Reported by Lily Davis.
Brad Weston, president and CEO of New Regency, has announced an exciting new project. Australian filmmaker David Michôd, who burst onto the scene with his masterful crime-drama Animal Kingdom, will write and direct an adaptation of Michael Hastings’ novel The Operators.
The film will star Brad Pitt, who is set to also co-produce the feature with his Plan B partners Dede Gardner and Jeremy Kleiner. According to Deadline, the film will be collectively backed by RatPac Entertainment, New Regency and Plan B. Plan B and New Regency recently teamed up to produce the critically acclaimed 12 Years a Slave. The film enjoyed enormous success and won an Academy Award for Best Picture, which has prompted RatPac Entertainment to join the two companies in a multi-year producing partnership.
David Michôd will re-work Hastings’ novel, which gives insight into the back rooms and politics behind the war in Afghanistan. It’s the story of the rise and fall of Gen. Stanley McChrystal, the commanding general of international and U.S. forces in Afghanistan. Written by the reporter who brought down McChrystal, the story is a fascinating insight into the time.
For those interested, here’s Amazon’s synopsis for Hastings’ novel, The Operators: The Wild and Terrifying Inside Story of America’s War in Afghanistan:
A shocking behind-the-scenes portrait of our military commanders, their high-stake maneuvers, and the political firestorm that shook the United States.
In the shadow of the hunt for Bin Laden and the United States’ involvement in the Middle East, General Stanley McChrystal, the commanding general of international and U.S. forces in Afghanistan, was living large. His loyal staff liked to call him a “rock star.” During a spring 2010 trip, journalist Michael Hastings looked on as McChrystal and his staff let off steam, partying and openly bashing the Obama administration. When Hastings’s article appeared in Rolling Stone, it set off a political firestorm: McChrystal was unceremoniously fired.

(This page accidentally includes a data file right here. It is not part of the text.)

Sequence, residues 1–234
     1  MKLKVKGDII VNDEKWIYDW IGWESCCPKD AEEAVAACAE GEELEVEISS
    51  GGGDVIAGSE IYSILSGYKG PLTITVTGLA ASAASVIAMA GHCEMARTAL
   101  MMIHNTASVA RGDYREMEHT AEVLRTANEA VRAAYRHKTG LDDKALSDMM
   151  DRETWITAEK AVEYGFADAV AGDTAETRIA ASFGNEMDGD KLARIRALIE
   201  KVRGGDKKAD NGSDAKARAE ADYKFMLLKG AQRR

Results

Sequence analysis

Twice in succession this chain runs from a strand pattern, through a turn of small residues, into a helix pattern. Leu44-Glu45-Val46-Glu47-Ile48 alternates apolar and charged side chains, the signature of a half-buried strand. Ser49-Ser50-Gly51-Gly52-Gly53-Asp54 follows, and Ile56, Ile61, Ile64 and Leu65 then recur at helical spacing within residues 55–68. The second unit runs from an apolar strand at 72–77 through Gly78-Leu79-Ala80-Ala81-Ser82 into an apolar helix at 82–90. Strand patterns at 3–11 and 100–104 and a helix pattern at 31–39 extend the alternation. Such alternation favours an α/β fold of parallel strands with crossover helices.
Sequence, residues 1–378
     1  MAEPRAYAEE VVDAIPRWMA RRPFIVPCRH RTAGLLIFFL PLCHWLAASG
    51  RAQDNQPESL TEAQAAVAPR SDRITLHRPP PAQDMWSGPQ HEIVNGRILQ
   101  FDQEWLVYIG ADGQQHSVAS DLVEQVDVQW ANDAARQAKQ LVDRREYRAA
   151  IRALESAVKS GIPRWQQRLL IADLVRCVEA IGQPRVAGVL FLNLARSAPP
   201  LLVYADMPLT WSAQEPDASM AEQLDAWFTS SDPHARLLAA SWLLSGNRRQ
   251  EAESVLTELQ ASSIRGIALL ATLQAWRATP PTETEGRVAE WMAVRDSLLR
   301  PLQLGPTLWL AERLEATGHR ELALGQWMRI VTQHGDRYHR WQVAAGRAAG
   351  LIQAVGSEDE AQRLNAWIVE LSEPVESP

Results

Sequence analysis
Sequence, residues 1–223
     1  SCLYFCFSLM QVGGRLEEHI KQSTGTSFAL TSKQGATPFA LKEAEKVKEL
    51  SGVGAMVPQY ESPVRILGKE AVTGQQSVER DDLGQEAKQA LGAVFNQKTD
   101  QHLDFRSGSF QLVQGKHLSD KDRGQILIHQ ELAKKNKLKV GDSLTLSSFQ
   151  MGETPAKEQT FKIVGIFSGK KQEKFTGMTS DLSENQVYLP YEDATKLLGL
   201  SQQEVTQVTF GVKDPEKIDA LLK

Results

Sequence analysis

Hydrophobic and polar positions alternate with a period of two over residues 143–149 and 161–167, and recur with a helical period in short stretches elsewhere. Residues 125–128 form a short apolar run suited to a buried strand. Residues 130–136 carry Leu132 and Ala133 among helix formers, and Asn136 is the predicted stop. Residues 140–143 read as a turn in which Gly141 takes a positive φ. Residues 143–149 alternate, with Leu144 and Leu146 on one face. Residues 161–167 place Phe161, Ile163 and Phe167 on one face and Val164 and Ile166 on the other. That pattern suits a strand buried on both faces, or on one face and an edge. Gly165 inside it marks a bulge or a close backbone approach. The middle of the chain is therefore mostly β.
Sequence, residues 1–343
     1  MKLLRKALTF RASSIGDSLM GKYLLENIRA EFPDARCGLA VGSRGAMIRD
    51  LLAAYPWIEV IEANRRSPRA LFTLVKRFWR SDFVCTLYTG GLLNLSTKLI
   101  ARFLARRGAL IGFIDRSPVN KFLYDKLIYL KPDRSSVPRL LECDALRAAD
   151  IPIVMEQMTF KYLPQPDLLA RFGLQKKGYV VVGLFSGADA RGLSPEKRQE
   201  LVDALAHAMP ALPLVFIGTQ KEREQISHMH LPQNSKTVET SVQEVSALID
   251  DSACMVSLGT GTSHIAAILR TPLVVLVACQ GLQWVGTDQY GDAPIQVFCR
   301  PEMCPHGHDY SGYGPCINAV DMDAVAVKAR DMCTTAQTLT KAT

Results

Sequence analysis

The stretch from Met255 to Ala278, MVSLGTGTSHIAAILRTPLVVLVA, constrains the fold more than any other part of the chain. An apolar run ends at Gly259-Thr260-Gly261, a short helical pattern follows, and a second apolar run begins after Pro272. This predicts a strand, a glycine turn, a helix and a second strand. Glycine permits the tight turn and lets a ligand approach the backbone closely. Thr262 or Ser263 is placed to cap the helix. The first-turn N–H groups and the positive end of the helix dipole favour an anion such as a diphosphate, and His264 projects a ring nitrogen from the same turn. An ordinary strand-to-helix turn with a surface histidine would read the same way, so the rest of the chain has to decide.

In The Operators, Hastings picks up where his Rolling Stone coup ended. From patrol missions in the Afghan hinterlands to senior military advisors’ late-night bull sessions to hotel bars where spies and expensive hookers participate in nation-building, Hastings presents a shocking behind-the-scenes portrait of what he fears is an unwinnable war. Written in prose that is at once eye-opening and other times uncannily conversational, readers of No Easy Day will take to Hastings’ unyielding first-hand account of the Afghan War and its cast of players.
Before Michôd tackles the Afghan war, we’ll see him helming Guy Pearce and Robert Pattinson in the post-apocalyptic thriller The Rover.